Saturday 5 June 2021

Lockdown scepticism and IQ

I am deeply ashamed that I ever gave up on the Tory party as I did in the late 1980s. It had grave faults then and is far, far worse now, but it is the one political camp with a chance of power that has some people with good instincts, a belief in freedom and common sense. This is best shown by lockdown-sceptic Tory MPs. 

Lockdown sceptics are almost silenced in the UK but the tradition of parliamentary government is not extinct and allows their speeches to be reported. 

We have come to the point where we have to be grateful to the media for that mercy.

It is hugely to the credit of Toryism that the Tory house paper, the Daily Telegraph, tends to be lockdown sceptic too. 

Lionel Shriver (an American novelist and Democrat living in England, who supported Brexit) was interviewed in it today. I agree with her when she said this.

“It is about what we have done to liberal democracy all over the world. We used to have civil rights. They were irrevocable. Now, they are revocable.

“All of our liberties have become conditional, and they will stay conditional for ever. What is the difference between living under the Chinese Communist Party and the Conservative Party?

“We never used to talk about lockdowns except in prisons – then it became a thing in days. I have been horrified to see how people have adapted to the new circumstances. It is a violation of the country I thought I lived in.”

Lord Sumption, the retired Supreme Court judge, was interviewed yesterday in the paper. 

He said he had noticed that lockdown scepticism goes with high levels of education. I cannot really say the same. It goes with intelligence perhaps. 

"Does he take an absolutist libertarian view that no mitigation measures were needed? ‘No, I don’t. If we were confronted with an Ebola outbreak that could possibly kill 50 per cent of those who catch it or smallpox with 30 per cent fatality then they would be warranted.’ Covid, he insists, is at the more bearable end of what mankind has previously had to endure. The bubonic plague, for example, wiped out 40 per cent of the population. The Covid death rate is less than one per cent.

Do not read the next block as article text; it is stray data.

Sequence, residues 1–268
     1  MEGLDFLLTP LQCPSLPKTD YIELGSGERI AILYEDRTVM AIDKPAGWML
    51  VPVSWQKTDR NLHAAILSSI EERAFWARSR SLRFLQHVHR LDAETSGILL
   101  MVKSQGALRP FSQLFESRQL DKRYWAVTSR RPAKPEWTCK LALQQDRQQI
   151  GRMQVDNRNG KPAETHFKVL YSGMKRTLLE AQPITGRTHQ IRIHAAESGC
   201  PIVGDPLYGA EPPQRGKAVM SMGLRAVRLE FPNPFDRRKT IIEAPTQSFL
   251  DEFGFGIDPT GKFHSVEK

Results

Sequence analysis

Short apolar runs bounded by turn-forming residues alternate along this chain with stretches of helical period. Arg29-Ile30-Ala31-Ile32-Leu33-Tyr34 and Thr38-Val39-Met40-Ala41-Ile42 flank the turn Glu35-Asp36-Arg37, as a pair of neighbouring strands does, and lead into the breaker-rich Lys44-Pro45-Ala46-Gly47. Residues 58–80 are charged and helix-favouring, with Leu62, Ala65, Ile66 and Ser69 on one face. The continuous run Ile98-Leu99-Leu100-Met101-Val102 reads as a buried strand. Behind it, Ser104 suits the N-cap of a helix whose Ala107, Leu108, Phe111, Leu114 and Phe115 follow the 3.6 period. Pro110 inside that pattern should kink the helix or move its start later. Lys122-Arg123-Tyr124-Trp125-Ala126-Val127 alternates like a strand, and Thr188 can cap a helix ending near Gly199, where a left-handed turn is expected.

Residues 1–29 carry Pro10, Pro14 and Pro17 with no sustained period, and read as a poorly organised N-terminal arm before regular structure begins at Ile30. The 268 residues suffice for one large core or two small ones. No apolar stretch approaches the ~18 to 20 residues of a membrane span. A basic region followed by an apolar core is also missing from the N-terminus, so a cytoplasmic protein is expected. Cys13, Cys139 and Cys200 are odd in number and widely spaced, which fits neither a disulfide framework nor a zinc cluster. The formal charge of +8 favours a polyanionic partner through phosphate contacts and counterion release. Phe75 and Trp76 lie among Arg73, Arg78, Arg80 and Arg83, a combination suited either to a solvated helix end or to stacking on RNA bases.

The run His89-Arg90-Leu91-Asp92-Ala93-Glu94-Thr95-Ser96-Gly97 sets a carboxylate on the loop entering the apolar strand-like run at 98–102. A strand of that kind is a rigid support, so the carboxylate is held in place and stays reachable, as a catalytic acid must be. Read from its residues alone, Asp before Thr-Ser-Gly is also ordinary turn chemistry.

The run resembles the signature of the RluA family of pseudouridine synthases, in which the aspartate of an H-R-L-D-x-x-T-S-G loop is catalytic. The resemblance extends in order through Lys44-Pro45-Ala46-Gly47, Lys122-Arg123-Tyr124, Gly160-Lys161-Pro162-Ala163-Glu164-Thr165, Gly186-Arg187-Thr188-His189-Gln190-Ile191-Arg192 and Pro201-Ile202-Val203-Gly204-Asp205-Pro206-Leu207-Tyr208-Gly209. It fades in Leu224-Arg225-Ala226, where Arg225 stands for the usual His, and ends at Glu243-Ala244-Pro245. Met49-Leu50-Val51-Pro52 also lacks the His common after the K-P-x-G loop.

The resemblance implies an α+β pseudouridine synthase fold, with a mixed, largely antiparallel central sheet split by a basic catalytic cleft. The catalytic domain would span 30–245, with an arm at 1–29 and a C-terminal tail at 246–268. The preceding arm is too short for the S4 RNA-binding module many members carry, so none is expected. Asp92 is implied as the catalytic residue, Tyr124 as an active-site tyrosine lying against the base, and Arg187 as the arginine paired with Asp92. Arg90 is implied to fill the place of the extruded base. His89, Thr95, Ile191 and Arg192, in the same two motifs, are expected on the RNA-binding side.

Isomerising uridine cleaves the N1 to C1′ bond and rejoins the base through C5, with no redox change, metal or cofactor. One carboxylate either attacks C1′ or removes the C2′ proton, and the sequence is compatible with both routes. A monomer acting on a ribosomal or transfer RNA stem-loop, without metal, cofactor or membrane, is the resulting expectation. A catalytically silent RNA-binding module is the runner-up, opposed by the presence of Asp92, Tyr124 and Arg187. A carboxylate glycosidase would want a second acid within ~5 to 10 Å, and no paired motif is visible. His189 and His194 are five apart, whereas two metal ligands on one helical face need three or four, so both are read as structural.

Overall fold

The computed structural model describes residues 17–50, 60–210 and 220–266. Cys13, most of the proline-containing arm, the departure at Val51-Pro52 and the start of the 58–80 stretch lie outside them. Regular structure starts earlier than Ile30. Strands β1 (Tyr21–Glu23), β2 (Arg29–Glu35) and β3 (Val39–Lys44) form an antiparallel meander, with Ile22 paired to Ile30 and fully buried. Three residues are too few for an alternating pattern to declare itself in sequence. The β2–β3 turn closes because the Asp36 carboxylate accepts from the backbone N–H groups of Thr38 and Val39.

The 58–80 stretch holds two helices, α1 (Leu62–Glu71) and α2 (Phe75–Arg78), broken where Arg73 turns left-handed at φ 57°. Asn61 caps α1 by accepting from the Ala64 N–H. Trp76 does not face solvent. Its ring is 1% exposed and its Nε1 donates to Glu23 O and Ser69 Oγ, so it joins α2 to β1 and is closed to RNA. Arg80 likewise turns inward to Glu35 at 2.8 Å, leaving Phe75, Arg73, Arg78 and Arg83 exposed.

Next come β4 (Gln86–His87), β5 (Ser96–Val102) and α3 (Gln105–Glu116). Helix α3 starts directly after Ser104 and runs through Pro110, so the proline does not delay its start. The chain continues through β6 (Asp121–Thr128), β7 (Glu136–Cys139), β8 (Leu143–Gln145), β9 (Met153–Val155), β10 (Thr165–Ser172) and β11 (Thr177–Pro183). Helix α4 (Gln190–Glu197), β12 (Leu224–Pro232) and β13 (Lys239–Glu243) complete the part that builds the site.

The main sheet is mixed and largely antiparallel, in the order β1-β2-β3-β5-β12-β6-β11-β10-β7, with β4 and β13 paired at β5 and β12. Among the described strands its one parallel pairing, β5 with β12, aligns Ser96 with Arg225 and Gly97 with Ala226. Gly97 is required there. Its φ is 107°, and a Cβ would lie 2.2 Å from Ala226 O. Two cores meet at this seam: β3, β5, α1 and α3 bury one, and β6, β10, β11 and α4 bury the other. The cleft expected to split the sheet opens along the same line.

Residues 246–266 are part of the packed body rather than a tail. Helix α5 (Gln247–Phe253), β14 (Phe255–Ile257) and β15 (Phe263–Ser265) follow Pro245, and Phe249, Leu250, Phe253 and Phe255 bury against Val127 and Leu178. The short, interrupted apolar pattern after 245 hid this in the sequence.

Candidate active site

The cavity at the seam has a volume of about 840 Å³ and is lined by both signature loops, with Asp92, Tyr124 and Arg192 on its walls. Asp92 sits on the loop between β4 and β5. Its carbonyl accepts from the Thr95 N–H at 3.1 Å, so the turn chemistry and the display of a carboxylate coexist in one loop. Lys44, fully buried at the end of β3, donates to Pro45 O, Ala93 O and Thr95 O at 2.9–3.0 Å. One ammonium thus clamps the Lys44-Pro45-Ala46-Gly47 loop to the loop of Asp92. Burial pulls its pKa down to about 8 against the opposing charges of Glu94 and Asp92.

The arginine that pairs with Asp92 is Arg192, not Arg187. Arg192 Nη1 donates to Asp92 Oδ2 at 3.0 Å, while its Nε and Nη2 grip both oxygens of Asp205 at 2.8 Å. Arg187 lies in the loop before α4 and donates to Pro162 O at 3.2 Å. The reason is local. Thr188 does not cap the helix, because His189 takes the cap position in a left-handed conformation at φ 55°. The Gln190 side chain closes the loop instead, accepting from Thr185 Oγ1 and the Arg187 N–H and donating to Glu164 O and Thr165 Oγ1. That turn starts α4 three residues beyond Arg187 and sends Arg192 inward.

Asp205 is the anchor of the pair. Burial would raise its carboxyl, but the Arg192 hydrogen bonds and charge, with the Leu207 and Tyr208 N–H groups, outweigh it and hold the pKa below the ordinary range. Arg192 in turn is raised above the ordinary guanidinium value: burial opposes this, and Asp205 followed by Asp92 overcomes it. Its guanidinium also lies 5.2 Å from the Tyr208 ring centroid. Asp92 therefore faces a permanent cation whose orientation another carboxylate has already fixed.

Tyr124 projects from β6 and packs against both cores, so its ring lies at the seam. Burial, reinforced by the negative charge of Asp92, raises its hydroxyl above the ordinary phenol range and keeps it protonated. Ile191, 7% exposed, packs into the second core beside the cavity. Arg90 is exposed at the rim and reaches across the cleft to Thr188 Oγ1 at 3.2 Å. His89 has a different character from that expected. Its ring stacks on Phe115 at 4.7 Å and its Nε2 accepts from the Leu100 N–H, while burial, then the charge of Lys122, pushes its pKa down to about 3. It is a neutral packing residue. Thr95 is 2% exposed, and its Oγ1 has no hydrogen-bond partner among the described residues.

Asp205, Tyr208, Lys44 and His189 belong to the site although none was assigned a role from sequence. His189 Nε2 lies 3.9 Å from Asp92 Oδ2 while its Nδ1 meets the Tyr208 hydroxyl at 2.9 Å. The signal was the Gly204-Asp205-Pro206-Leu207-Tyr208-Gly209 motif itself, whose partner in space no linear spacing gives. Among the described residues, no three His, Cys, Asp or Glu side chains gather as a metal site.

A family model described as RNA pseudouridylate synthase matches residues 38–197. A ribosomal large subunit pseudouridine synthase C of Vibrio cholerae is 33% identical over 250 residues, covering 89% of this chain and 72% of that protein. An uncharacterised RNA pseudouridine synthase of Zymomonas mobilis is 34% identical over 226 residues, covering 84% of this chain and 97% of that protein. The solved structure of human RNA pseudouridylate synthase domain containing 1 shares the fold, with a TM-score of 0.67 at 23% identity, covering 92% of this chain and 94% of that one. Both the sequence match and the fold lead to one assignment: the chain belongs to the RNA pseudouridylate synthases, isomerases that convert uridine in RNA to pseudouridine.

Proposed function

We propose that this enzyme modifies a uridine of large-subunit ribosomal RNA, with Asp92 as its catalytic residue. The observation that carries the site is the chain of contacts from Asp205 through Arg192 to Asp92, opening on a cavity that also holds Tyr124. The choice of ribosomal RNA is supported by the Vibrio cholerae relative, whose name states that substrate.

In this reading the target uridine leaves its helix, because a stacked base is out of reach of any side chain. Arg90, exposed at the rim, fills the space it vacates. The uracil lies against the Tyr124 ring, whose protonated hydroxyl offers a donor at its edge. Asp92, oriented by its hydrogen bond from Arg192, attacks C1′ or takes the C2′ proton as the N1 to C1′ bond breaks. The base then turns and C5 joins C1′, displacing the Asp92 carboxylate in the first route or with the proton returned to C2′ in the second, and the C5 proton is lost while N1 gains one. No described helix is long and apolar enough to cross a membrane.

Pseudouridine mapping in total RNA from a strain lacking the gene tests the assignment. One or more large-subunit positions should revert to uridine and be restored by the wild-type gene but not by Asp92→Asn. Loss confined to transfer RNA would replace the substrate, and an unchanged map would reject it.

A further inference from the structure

"So why did we lock down? ‘Essentially because other countries had done it and people started saying the solution to any problem like this is government action. If they are doing it on the other side of the Channel why aren’t we doing it?’ That, adds Sumption, is ‘not a very impressive argument’.
"Neither is he moved by the suggestion that it was difficult for the UK Government to resist the pressure for a lockdown and therefore unfair to pillory them for it. He points out that they had a plan for dealing with a pandemic but failed to stick to it. What they did not have was any strategy for a lockdown.
"‘If you are going to do something as drastic as this, you need to know what the consequences are likely to be – that requires serious thought, serious research and serious planning. None of these things happened,’ he says. ‘The dominant factor in Government policy – the entire attack on our humanity – has been guided not by “The Science” but by the desire of politicians to avoid being criticised.’
"He is particularly scathing about the Prime Minister in this regard, whom he cites as ‘a classic example of someone whose prime desire is not to be criticised’, and also someone suffering from a reluctance – or inability – to study any dossier profoundly.
"‘He is very vulnerable to people who are utterly confident about their position,’ Sumption observes. ‘He’s never prepared to put in the work that would make him utterly confident of his own position. In that respect he is completely different from Margaret Thatcher who always attempted to ensure she was on top of every issue she was called upon to deal with. Boris Johnson has got some of the rhetorical flair and a not dissimilar ideological position, but he simply does not have the intellectual capacity to follow it through. It’s not because he’s stupid. He clearly isn’t. It’s because he’s intellectually idle.’
"He is equally scathing about Dominic Cummings, whom he describes as a ‘Putin-esque natural autocrat, incredibly dogmatic’, whose idea of good government is ‘minimal deliberation or consultation, which gives a much greater likelihood of really bad decisions. It’s extraordinary that two so different individuals, so obviously designed to rub each other up the wrong way, found themselves in a clinch. Either one on their own is disastrous, but the two together – my goodness.’"

Clearly he is not a Brexiteer and nor I suspect are any Supreme Court judges, but I think he is right about lockdowns. I suspect he is right about Dominic Cummings and Boris too.

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